But this crash is a pretty big anomaly in terms of railroad safety: The federal government reports that train crashes have dropped significantly in the last 10 years — by about 42 percent — and derailments dropped as well. The number of commuter rail crashes also dropped in the same period.

With that said, the incident is the second fatal Amtrak crash of the week. Earlier this week, an Amtrak train carrying more than 170 passengers in Amite, La. collided with a truck, killing the driver.

What are some possible causes of the train derailment?

The Federal Railroad Administration reports that in 2014, 1,214 train derailments occurred across the country, 63 of which happened in Pennsylvania. A paper written in 2012 analyzing data from the previous decade showed that “broken rails or welds were the leading derailment cause on main, yard, and siding tracks.”

Other possible causes can include human error: Going too fast, using the wrong track switch, or mistakes with the brakes.

Has this happened before in Philly?

Yes, and recently. Last year, a train derailed on a bridge heading over the Schuylkill River that left two cars hanging off the bridge itself. The CSX train was a 101-car freight train heading from Chicago to Philly, according to NBC 10.

And in February, an oil train derailed just off 11th Street near I-95. But neither of these accidents caused a rupture or an oil spill.

While commuter derailments are more uncommon, a strangely similar derailment in the exact same area as the Amtrak 188 crash happened more than 40 years ago. Philly.com reports from the archives of the Inquirer that in 1943, a high-speed train derailed near what’s called “Frankford Junction,” killing 79 people and wounding another 116. It went down as one of the worst railroad disasters in U.S. history.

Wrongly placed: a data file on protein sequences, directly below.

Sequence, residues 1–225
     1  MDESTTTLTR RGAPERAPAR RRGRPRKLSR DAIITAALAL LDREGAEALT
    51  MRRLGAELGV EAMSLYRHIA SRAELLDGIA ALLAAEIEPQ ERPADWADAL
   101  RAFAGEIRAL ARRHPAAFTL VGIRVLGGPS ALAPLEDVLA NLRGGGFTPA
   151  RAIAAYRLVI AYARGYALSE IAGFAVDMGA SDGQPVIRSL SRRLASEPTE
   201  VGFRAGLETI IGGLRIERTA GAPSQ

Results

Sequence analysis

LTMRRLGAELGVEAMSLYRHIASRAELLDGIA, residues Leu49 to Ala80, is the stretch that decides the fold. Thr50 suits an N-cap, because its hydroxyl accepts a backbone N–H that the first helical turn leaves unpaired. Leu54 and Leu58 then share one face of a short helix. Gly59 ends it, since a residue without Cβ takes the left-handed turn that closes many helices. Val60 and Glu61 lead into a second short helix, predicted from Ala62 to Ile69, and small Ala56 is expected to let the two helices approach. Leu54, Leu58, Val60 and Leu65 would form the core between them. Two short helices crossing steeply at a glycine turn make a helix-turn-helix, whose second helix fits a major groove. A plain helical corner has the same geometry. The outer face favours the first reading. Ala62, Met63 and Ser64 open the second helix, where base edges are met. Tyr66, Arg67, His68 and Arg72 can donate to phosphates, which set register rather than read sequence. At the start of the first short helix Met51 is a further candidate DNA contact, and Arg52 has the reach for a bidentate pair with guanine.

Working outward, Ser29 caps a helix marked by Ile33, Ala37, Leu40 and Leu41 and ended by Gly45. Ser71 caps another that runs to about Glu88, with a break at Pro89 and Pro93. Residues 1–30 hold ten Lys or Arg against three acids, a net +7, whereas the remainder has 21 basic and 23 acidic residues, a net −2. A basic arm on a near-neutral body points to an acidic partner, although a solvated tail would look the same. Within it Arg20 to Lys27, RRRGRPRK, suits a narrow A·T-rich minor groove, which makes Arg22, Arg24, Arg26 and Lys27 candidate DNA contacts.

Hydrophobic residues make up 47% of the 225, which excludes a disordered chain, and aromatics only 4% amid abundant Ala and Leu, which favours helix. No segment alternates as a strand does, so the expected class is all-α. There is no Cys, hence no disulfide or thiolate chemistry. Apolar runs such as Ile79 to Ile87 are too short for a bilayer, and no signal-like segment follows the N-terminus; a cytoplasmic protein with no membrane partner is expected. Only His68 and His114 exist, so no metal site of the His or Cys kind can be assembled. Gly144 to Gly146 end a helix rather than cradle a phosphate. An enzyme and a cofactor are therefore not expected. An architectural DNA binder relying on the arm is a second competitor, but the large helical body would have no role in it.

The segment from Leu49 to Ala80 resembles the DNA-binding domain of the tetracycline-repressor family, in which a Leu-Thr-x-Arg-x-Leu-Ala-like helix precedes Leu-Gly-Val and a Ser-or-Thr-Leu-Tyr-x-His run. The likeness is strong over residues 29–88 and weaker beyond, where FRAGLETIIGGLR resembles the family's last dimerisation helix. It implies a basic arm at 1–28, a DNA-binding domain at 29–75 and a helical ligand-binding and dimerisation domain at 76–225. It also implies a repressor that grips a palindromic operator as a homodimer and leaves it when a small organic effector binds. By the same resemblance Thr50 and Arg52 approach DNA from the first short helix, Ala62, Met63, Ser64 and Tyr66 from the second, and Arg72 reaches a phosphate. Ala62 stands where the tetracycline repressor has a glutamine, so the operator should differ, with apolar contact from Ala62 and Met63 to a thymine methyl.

Are there efforts to curb train derailments?

Many, especially in the last several years. A federal law passed in 2008 required that most of the country’s major railroads needed to be outfitted with “Positive Train Control” technology by 2015, which would use monitoring systems to regulate speed and automatically slow down trains.

Based on a recent Amtrak communication pointed out here, it doesn’t appear PTC had yet been installed in the area where Amtrak 188 was traveling.

What else is the government doing?

Coincidentally, a House Appropriations Committee is considering a new transportation bill this morning that deals in part with federal funding to Amtrak in order to boost aid to help the company’s old infrastructure.

According to CNN, Amtrak has called on the federal government to bump up funding in order to fix tracks and trains, while some lawmakers are looking to drastically cut federal funding to railway systems. The version of a bill already passed by a House subcommittee would slash funding by about $100 million.

President Obama is in favor of not cutting funding, and his press secretary called it a “common sense” investment in Amtrak.

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Photo: Fox 29

Anna Orso was a reporter/curator at Billy Penn from 2014 to 2017.